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Open AccessReview
What Do We Know about How Hantaviruses Interact with Their Different Hosts?
Viruses 2016, 8(8), 223; https://doi.org/10.3390/v8080223 - 11 Aug 2016
Cited by 21 | Viewed by 1959
Abstract
Hantaviruses, like other members of the Bunyaviridae family, are emerging viruses that are able to cause hemorrhagic fevers. Occasional transmission to humans is due to inhalation of contaminated aerosolized excreta from infected rodents. Hantaviruses are asymptomatic in their rodent or insectivore natural hosts [...] Read more.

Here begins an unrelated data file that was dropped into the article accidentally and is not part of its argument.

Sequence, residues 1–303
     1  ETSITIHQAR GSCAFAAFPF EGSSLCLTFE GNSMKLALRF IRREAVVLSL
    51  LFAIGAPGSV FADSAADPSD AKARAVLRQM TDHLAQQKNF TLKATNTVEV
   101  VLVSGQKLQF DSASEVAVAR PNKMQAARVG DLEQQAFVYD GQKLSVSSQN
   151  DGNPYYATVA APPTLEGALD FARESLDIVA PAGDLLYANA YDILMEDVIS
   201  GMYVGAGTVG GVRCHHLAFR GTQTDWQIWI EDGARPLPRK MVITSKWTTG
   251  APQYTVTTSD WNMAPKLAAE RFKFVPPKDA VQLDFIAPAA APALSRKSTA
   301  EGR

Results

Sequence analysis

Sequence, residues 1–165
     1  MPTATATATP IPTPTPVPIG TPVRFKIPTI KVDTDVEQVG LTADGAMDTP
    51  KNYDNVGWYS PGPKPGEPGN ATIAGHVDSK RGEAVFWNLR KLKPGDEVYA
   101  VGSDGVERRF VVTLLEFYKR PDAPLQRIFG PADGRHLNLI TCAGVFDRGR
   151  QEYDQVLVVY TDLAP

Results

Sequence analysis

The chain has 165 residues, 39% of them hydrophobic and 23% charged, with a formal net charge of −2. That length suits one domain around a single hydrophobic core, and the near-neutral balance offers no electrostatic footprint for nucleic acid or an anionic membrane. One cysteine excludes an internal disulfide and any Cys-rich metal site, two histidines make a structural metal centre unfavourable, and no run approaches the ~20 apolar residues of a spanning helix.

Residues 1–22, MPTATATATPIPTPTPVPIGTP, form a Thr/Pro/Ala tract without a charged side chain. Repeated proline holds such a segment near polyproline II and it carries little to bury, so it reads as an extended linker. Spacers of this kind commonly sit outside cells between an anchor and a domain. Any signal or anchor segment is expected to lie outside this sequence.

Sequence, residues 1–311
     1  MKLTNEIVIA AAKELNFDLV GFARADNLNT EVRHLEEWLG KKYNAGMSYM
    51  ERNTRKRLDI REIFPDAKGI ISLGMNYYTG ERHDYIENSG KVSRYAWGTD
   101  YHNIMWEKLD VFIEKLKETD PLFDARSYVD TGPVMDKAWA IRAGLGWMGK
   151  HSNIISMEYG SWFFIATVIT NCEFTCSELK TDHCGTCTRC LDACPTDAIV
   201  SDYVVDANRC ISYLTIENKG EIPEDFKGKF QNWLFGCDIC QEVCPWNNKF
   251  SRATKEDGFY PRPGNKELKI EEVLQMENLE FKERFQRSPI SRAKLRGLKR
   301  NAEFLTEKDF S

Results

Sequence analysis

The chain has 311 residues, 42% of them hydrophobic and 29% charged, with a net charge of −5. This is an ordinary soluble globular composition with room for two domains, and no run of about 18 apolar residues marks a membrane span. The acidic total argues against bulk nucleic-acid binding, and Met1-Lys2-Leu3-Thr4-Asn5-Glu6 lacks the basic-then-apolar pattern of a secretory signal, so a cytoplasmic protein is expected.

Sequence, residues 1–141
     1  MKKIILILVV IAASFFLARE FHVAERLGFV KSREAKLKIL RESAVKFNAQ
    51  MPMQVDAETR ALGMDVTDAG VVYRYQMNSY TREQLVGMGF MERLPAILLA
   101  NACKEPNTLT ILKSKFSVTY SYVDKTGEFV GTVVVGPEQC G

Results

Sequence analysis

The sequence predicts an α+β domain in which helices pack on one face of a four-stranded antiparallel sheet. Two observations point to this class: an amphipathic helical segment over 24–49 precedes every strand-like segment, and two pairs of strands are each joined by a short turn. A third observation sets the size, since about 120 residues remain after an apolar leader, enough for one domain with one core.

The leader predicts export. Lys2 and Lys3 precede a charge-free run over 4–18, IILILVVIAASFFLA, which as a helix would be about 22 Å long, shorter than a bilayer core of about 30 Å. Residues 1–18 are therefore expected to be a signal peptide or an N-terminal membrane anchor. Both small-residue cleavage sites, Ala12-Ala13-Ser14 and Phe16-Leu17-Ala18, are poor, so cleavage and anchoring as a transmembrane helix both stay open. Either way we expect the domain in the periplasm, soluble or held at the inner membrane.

Hantaviruses, like other members of the Bunyaviridae family, are emerging viruses that are able to cause hemorrhagic fevers. Occasional transmission to humans is due to inhalation of contaminated aerosolized excreta from infected rodents. Hantaviruses are asymptomatic in their rodent or insectivore natural hosts with which they have co-evolved for millions of years. In contrast, hantaviruses cause different pathologies in humans with varying mortality rates, depending on the hantavirus species and its geographic origin. Cases of hemorrhagic fever with renal syndrome (HFRS) have been reported in Europe and Asia, while hantavirus cardiopulmonary syndromes (HCPS) are observed in the Americas. In some cases, diseases caused by Old World hantaviruses exhibit HCPS-like symptoms. Although the etiologic agents of HFRS were identified in the early 1980s, the way hantaviruses interact with their different hosts still remains elusive. What are the entry receptors? How do hantaviruses propagate in the organism and how do they cope with the immune system? This review summarizes recent data documenting interactions established by pathogenic and nonpathogenic hantaviruses with their natural or human hosts that could highlight their different outcomes. Full article